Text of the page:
Injured Workers Pain Reporting

Pain, Symptom Severity and Pain Reporting in Workers’ Compensation: What You Need to Know

In California Workers’ Compensation Law, there are many times that Injured Workers are asked to describe the nature and extent of their Pain. Injured Worker’s Pain Reporting is a vital part of the workers’ compensation system.  This article will discuss the terminology used within workers’ compensation to describe the nature and extent of pain. Pain Reporting is essential to the Workers’ Compensation System.  Pain Reporting can impact everything from the acceptance of the claim as being industrial, to the provision of benefits, and to the provision of medical care.

Pain Reporting can be subjective. People have different tolerance to pain. Pain can be different in nature. Pain can be dull. Pain can be sharp. Pain can be momentary. Pain can be unrelenting.  Further, many times it is hard for an observer to understand an individual’s pain. Due to the subjectiveness and the difficulty in verification, Pain Reporting has an element of doubt as to its nature and extent with respect to Insurance Companies.  All parties involved within the workers’ compensation, doctors, attorneys, and judges, will be assessing whether the Injured Worker’s Pain Reporting is valid for the purposes of handling the claim.

Injured Worker’s Pain Reporting validity impacts the very foundation of many workers’ compensation claims. Pain Reporting, for which Judges and Medical Evaluators view as credible, can lead to the provision of workers’ compensation benefits. This can include such items as the finding of injury being industrial to findings concerning the nature and extent of the injury. Pain Reporting, for which Judges and Medical Evaluators view as non-credible, can negatively impact one’s workers’ compensation claim.  This can include finding that there was no valid claim to the diminishment of benefits. Continue reading

What Insurance Companies are Telling Doctors to Think About You: Injured Workers, Your Treating Doctor, and Your Insurance Company: What You Need to Know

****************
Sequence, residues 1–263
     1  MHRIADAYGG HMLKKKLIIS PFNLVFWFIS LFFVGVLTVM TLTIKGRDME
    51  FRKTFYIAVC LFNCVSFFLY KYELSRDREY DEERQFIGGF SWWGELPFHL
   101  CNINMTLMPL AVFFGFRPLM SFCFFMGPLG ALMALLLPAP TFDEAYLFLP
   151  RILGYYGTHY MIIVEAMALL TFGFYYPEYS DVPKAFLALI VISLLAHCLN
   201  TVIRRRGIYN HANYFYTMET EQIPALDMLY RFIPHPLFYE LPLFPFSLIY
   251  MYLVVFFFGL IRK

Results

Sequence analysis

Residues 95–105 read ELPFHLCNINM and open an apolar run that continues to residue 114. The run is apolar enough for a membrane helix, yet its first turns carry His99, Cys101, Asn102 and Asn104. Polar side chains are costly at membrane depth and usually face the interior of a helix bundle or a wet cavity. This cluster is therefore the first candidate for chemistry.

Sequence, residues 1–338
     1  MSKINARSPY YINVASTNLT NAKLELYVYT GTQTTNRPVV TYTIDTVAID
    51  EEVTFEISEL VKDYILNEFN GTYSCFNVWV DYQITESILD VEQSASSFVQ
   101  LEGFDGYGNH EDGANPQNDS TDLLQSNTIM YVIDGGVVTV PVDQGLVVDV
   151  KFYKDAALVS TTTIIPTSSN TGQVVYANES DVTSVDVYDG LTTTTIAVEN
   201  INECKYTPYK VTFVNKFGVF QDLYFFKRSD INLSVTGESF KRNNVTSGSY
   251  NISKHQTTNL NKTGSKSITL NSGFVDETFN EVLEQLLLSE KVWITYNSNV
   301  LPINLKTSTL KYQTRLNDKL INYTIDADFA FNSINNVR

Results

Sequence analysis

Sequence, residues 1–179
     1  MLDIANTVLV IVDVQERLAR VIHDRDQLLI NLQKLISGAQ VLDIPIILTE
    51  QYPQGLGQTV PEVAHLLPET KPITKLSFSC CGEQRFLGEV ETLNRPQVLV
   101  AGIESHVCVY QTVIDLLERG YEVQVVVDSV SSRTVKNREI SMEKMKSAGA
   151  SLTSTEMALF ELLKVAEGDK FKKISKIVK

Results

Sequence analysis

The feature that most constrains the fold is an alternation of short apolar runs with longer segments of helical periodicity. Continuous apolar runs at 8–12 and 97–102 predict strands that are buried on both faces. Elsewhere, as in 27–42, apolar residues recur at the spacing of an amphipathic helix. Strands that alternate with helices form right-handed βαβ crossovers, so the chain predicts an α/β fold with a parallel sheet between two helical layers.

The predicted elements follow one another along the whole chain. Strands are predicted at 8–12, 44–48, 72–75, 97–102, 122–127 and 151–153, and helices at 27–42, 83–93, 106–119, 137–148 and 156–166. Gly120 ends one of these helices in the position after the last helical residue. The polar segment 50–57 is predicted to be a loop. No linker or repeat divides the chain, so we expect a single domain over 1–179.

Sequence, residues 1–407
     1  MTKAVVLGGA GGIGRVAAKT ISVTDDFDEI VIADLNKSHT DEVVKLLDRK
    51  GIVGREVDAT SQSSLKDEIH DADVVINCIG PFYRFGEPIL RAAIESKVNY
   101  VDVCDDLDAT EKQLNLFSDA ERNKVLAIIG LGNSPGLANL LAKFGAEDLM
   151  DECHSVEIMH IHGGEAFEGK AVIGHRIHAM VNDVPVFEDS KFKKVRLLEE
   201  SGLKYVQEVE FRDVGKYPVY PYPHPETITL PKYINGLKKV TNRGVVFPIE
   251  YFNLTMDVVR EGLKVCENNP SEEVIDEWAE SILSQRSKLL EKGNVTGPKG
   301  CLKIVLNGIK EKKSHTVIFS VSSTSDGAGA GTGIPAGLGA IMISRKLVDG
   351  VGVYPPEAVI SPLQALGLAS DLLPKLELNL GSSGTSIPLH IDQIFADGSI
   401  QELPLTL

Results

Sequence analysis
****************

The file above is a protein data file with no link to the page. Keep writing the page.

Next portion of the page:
As an Injured Worker, you may come across terms such as “motivation factors,” “secondary gain,” and “victimization, ” noted somewhere within the reporting on your case. This can appear in a medical report or an analysis of your case that has prepared by an Insurance Company, Defense Attorney or an Investigator. Some of these reports, which use these terms, you will never see. The documents are generated as attorney work-product and are not discoverable. In addition, as an Injured Worker, you also may not see any medical reports that deal with your mental health. Psychiatric or Psychological reports that discuss these factors are not provided to unrepresented injured workers. Continue reading

How to Find the Best Workers Comp Attorney in California

In California, you see advertisements of attorneys making representations of being “Top” Lawyers, “Super” Lawyers,” or “Best” Lawyers. Attorneys frequently represent themselves as the “Top” attorney or the “Best” lawyer. Who can really tell someone is the “Top” or “Best” lawyer? At times, it is merely an advertisement’s representation without any basis in fact. Further, some of the companies that provide labels may involve some vetting process in order to provide the label. In the end, they may charge the attorneys for the label that they are awarded and make them pay for promotional items. Continue reading